Though we commonly think of meditation as a soothing, quieted state, there are times in a meditation session that waves of energy or creativity may appear. It’s normal to wonder what that’s about or to want to know how to cause waves of energy during meditation. In this post, we’ll cover the Vedic perspective on energy and creativity manifesting during a meditation session, and we’ll talk about the practice of Kundalini and compare it to the actual experience of Kundalini energy in the body while one is meditating.
What is kundalini energy?
Thom describes kundalini as follows:
“In Sanskrit, kundalini means “coiled snake” and references the lively energy that is everpresent in us all. Knowledge of kundalini and meditation practices date back thousands of years and is discussed widely in Veda, however kundalini meditation in of itself is a relatively new practice, made popular in recent times.
While Vedic Meditation is not a form of kundalini meditation, as you will see from this conversation, a nuanced and comprehensive understanding of kundalini energy will awaken the knowledge of how to identify the sensations when they arise, and most importantly, how one need not force any kundalini awakening at all.
“Kundalini” is the name given to consciousness-energy that unites one’s individuality with The Totality. This lively energy stream enters the body through the soles of the feet, rises through the legs and then pools at the base of the spine. From the base of the spine it moves upward through the spine via a chimney, the “shushumna”, which acts as the conduit through which the kundalini reaches the brain. Finally, kundalini exits the body through the crown of the head. Its effect is to awaken consciousness in the direction of Unity Consciousness, from whatever state of consciousness one is in.
A certain minimum flow of kundalini is required to be conscious at all. Complete absence of kundalini means absence of consciousness in the human body (“body death”). A trickle of kundalini, at least, must occur at all times.
Kundalini Energy Movement
Along the spine there is the ‘chimney’ known in Ayurveda as the sushumna. It’s a teeny tube with a very small diameter: about 1/100th the diameter of a hair. This tube moves through the spine to the top of the head. As Thom said above, all living beings have some degree of kundalini energy, or consciousness energy, moving from the base of the feet up through this teeny tube. For most people, most of the time, the energy moving up the spine is completely undetectable, like the activity of the liver or kidneys is usually undetectable.
In rare cases, a meditator may experience pulsating energy during meditation as the kundalini energy surges through a recently unblocked section of the sushumna.
How Stress Blocks Kundalini
When we are accumulating stress without deep stress release of twice-daily meditation, our capacity to digest and integrate experiences of all kinds is compromised.
One key example is food. When stressed, one of the first body functions to slow down is digestion. In this way, the body reserves energy typically used to digest food for use instead in responding to the external stressors. After decades of accumulating stress, the body is consistently in a state of cutting off adaptation energy for digestion to contribute to coping with stress. This means that our digestion works far less efficiently, and our body is not as easily able to get rid of toxins and excess material it doesn’t need.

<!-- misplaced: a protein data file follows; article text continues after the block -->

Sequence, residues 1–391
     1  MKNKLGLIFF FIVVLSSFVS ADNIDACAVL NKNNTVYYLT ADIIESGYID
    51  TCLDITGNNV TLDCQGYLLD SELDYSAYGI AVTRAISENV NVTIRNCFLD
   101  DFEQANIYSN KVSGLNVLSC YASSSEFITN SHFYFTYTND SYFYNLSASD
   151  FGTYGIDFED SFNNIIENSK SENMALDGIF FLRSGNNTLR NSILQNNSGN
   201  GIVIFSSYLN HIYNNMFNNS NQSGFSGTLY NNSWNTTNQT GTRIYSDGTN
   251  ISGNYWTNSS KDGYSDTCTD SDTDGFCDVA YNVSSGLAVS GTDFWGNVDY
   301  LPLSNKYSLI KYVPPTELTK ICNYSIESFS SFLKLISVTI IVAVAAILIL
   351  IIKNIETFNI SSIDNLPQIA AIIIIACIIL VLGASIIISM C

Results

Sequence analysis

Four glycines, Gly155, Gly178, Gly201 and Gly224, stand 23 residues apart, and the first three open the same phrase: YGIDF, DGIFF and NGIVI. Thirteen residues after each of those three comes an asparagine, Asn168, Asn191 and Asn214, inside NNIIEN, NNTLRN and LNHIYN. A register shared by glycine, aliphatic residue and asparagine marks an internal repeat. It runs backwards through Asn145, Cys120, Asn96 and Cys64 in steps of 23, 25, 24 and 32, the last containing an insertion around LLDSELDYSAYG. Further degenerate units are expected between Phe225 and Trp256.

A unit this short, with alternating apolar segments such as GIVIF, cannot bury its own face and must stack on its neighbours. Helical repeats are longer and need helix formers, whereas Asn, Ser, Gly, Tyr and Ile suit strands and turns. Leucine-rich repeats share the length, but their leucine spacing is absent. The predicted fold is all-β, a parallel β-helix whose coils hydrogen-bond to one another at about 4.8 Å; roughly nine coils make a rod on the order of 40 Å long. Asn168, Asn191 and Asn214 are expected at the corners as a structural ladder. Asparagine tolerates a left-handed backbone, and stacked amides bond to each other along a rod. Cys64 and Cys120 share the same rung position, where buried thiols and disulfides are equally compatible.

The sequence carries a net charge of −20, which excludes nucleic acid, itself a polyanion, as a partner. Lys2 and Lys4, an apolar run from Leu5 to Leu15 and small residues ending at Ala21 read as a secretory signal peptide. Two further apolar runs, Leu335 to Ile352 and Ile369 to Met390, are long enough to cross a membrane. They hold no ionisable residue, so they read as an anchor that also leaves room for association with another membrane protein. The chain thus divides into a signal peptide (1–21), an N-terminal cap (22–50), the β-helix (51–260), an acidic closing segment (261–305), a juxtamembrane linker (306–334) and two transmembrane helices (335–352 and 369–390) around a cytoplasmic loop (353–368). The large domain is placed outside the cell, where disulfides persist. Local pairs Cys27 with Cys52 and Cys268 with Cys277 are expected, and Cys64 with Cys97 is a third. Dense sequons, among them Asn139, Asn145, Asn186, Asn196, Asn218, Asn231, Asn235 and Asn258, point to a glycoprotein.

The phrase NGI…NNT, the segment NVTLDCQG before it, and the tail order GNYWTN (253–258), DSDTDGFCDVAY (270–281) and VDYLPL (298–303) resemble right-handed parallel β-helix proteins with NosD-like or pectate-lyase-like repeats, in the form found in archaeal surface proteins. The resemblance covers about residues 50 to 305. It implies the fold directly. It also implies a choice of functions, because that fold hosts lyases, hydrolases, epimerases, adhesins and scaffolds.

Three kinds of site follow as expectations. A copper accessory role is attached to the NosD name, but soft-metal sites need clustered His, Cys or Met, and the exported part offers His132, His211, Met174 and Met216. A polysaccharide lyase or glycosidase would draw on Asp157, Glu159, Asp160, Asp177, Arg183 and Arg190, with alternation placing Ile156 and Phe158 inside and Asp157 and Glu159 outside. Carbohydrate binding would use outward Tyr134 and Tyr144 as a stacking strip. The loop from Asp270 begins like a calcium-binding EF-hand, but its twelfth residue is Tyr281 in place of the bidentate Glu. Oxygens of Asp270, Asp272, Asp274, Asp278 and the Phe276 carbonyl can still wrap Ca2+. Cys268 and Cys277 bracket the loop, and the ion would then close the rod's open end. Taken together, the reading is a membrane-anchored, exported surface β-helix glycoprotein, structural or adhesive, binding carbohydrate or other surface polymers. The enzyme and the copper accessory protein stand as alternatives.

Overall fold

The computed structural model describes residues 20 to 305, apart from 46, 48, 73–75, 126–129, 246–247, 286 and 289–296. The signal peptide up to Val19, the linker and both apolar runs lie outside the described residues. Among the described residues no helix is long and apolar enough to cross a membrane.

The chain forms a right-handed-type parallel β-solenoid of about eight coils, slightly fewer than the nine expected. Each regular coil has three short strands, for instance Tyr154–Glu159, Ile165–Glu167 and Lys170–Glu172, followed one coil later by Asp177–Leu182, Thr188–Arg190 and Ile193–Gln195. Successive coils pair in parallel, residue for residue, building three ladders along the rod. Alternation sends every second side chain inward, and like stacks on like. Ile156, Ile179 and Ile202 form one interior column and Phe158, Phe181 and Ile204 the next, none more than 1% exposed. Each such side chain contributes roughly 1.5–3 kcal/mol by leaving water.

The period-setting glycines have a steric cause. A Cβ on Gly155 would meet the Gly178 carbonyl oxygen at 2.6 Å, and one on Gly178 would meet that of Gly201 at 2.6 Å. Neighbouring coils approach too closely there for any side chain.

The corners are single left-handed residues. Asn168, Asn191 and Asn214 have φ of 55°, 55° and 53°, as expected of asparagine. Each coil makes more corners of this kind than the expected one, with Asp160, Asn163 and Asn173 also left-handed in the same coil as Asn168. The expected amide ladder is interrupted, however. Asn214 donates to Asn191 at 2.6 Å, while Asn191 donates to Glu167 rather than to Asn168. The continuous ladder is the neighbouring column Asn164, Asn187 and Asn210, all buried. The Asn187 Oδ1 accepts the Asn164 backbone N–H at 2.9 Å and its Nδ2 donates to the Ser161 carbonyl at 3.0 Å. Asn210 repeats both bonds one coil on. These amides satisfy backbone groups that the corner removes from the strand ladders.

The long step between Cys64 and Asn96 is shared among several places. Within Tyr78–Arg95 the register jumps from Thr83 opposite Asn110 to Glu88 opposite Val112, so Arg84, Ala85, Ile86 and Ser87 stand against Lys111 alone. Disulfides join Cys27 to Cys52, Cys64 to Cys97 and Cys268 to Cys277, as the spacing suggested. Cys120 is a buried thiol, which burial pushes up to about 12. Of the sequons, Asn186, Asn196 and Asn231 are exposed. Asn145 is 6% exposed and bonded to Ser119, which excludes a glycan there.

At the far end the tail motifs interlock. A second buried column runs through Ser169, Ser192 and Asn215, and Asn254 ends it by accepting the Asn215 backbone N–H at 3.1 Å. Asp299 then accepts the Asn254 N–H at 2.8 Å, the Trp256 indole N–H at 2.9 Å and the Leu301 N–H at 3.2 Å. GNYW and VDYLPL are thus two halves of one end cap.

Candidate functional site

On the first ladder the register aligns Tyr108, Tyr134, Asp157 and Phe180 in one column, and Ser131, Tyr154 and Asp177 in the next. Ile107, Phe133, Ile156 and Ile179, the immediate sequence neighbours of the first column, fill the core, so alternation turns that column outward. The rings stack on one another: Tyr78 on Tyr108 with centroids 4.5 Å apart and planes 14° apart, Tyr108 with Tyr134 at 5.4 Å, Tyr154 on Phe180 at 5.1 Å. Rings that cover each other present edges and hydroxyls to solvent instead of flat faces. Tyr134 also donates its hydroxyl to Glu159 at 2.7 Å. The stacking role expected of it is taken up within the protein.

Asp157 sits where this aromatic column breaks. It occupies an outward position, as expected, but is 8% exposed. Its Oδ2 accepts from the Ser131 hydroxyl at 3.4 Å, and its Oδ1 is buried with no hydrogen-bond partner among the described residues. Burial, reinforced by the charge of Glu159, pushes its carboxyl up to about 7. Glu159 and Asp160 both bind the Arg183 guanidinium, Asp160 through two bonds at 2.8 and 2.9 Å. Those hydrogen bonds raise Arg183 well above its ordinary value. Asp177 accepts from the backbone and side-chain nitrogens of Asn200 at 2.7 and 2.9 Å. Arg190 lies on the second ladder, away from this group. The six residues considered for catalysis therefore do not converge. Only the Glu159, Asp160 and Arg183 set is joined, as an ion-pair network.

Overwhelming emotional experiences which are not properly purified and released can also lead to the buildup of toxins in the body.
Food toxins and emotional toxins result in a product of all undigested material in the body, called ‘ama’ in Ayurveda. Ama is undigested material that cannot be absorbed and has not been expelled by the body.
In Ayurvedic medicine, ama is described as a toxic substance that accumulates in the body as a result of poor digestion, overwhelming emotions, and poor sleep. It’s a white, viscose, sticky substance. Ama is seen as the root cause of many physical and mental health problems and is considered to be the first stage in the development of disease. It is believed to form when the digestive fire (agni) is weak and unable to properly break down and eliminate waste and toxins from the body.
The accumulation of ama is thought to obstruct the flow of vital energy (prana) and lead to a buildup of mucus and impurities in the body. The body cannot use this material for any nourishment, and there is no dedicated place for it to go in the body if it is not expelled like it should be. Ama finds its way into the gaps and joints, and causes inflammation. To maintain good health in Ayurveda, it is important to keep the digestive fire strong and prevent the buildup of ama.
When the sushumna gets clogged with ama, the natural flow of consciousness energy which could come through the body (and enliven our talents) gets stuck. When that energy becomes blocked, it goes sideways and it creates all kinds of behaviors that are relevant to the place of the blockage. There’s a saying in Ayurveda that even if you eat nectar, if you are under stress then your body will turn it into ama, or into poison. This means that all of our Western habits of eating when we are tired, anxious, stressed, unwell, or eating non-food products (processed food) leads to undigested food, or ama, which creates blockages. Ama then builds up in all the conduits (“shrotas”) of the body and prevents energy from flowing easily.
How to Get Rid of Ama
When we practice Vedic Meditation, we practice ama Pachana: “that which burns ama.”
Vedic Meditation brings the body into a waking restful state known as a hypo-metabolic state. Though the body is not sleeping and the mind is awake, the Bija mantra has charmed the mind into its least excited state. This state allows the body to deeply rest even while we are awake. The body is able to rest 5x more deeply than in sleep when we practice Vedic Meditation with our Bija mantra, and the longer we consistently practice each day, the more deeply our body is able to rest.